Rebuilding Your Life Through Medicine Assisted Treatment
As program director for both Vance Recovery and Morse Clinic of North Raleigh, John Mattocks ensures that the clinics are operating at their best daily. This includes everything from keeping the books to vacuuming floors, all to ensure that guests feel comfortable during their stay. He also helps resolve individual client problems and to meet their specific treatment needs. “We try very hard to make this a welcoming and comfortable environment for our guests,” Mattocks says. “Treatment is a long process that can’t happen unless they feel safe with us.”
Morse Clinics provide maintenance therapy for opioid addiction recovery. Opioid addiction is generally different from other substance abuse because of the intensity of cravings and severe withdrawal symptoms, Mattocks explains. Addiction is the common result after being prescribed painkillers for an accident or sports injury. A person may respond pleasurably to the prescription medication, creating a need to maintain that state of euphoria. Medication-assisted treatment helps block the “high” caused by opioid use and lessens withdrawal pains. For many, this is the last hope for recovery. “No one comes to our clinic who isn’t fighting for their life,” Mattocks says. “They’re unable to meet basic survival needs. I’ve had clients who can’t function with drugs in their system. They’re not using to get high anymore. If they don’t have the drugs, they can’t get out of bed.”
Medications such as methadone and buprenorphine suppress drug cravings to stabilize clients and enable them to make informed decisions on starting their recovery. Given a clear and steady mindset, they can begin to work on other aspects of recovery such as lifestyle changes, primary care treatment and mental health counseling.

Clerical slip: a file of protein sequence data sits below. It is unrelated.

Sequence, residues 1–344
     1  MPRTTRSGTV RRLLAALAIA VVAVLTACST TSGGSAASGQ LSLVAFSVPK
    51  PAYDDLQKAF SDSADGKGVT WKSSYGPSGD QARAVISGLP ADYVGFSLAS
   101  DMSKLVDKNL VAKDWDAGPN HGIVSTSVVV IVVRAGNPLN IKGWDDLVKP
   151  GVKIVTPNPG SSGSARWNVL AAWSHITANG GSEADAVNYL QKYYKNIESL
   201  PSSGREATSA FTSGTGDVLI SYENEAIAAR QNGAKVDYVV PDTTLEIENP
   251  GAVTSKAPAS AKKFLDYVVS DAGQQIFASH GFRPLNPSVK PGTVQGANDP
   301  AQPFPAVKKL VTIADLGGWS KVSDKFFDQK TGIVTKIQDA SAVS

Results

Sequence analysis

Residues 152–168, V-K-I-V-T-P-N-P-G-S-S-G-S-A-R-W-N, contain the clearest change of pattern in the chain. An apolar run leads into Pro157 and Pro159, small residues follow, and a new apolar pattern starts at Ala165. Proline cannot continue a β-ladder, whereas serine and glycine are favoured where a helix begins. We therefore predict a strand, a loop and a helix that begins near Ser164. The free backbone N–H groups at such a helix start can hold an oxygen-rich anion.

A majority of Vance Recovery patients have experienced some sort of trauma or mental illness in their life. Mattocks believes it’s essential to combine medication with counseling and behavioral therapy in order to face these issues and form a holistic approach for treatment.
The center encourages every individual to participate in the variety of counseling programs available. Their art therapy group provides a unique way of handling the complex emotions that arise during treatment. The group meets once a week to work on different projects that usually reflect their internal struggles. One such project was building two masks—one for how the world sees the patient and another for how they perceive themselves. Mattocks thought this might help them deal with the stereotypes and generalizations about their disease made by the general public. He believes these projects give powerful and healing insight into their personal journey with addiction, an essential step towards healing.
After working through these inner issues, clients begin restoring their external world. They grow stronger by learning life skills, emotion regulation skills and other methods for maintaining their sobriety when facing triggers. It’s a challenging process and something they will have to work hard to manage after leaving the center. According to Mattocks, those who recover successfully don’t receive enough merit for their recovery.
“There’s a stigma for people who take medication to stop drug use,” Mattocks says. “My patients aren’t given enough credit. They work hard to rebuild their life. It’s all them. The medicine just helps.”